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  • Tim Lynch

Title: Optimizing Restaurant Labor: A Recipe for Increased Profits


In the fast-paced world of restaurant management, efficiency is key to running a successful establishment. One of the crucial aspects that can significantly impact a restaurant's bottom line is labor management. To help restaurant owners and managers better understand the nuances of this, we introduce the Restaurant Labor Exercise.


Step 1: Reviewing the Past and Projecting the Future


The Restaurant Labor Exercise begins with a thorough review of the past four weeks of business sales. This historical data provides valuable insights into your restaurant's performance trends. Next, we compare this data to the same four weeks from the previous year, helping us project future sales for the upcoming week.


For instance, if our projected sales are $50,000, we have a starting point to work with. However, it's essential to note that we are exclusively considering hourly labor costs in this exercise – no salaries are part of the equation.


Step 2: Setting a Labor Goal


With the sales projection in hand, the next step is to set a labor goal for the week. Let's assume we aim for an 18% labor cost relative to our projected sales. This percentage encompasses both Front of House (FOH) and Back of House (BOH) labor costs.


Step 3: Crafting Employee Schedules


Now comes the part where we craft employee schedules. The goal here is to create schedules that align with our labor goal. For example, if our projection suggests a 19.2% labor cost based on the initial schedule, we must make adjustments to bring it down to the target 18%.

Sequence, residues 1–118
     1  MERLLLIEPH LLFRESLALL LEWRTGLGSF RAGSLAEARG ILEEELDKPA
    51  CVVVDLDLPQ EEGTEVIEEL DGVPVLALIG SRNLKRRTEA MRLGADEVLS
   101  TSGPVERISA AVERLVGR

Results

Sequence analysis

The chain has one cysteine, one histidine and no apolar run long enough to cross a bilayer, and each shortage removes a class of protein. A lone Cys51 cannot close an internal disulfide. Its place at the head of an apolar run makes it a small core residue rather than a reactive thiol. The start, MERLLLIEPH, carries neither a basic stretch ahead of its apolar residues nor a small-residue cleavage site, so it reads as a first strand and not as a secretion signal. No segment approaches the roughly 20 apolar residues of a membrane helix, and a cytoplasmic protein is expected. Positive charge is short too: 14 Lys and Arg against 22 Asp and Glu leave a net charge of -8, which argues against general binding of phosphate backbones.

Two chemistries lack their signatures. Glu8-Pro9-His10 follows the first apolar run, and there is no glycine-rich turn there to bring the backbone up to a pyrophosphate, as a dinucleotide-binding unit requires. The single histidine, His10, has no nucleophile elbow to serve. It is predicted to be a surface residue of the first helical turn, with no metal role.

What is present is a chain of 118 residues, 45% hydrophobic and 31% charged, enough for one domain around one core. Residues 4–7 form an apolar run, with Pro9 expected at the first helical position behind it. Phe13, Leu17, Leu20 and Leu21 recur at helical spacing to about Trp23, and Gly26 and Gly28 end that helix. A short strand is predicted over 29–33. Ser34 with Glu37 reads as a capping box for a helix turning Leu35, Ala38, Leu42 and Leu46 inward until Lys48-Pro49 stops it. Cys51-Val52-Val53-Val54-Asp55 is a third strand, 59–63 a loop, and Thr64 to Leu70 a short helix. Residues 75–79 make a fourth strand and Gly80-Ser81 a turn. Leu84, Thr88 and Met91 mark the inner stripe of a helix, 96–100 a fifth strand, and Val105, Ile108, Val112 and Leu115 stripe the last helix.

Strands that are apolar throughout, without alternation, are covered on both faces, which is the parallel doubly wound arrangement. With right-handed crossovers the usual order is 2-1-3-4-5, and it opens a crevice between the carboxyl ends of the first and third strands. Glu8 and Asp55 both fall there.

Step 4: Fine-Tuning in 30-Minute Increments


To achieve this, we take a meticulous approach, examining every employee's schedule. The adjustments are made in 30-minute increments, ensuring that employees do not exceed their scheduled hours. This fine-tuning is essential, especially for restaurants with larger staff numbers.


Step 5: Monitoring Sales Performance


An important variable in this exercise is sales performance. Are we consistently meeting our sales goals? If we fall short of our projected sales – say, we only hit $45,000 instead of the planned $50,000 – we must consider adjusting our labor costs accordingly.


Achieving a More Profitable Bottom Line


Suppose your restaurant is already operating with an 18% labor cost goal but you aim to increase your bottom line by reducing it to 17%. In that case, you can employ the same exercise over a few weeks to achieve your desired target. This small shift can make a significant difference in your restaurant's profitability.


In the competitive restaurant industry, even a 1% reduction in labor costs can have a substantial impact on your overall bottom line. The Restaurant Labor Exercise is a powerful tool that, when executed properly, can help you optimize your labor management and improve your financial results.


ROI Restaurant Consulting: Your Partner in Success


For those in the restaurant industry seeking expert guidance in mastering the Restaurant Labor Exercise and other strategies to enhance their business, ROI Restaurant Consulting is here to help. We work with restaurant owners across the country to achieve greater profitability and operational efficiency.


If you're ready to increase your restaurant's bottom line and enhance your financial performance, don't hesitate to reach out to ROI Restaurant Consulting. Visit our website at (www.roirestaurantconsulting.com) to learn more about how we can assist you on your path to success.

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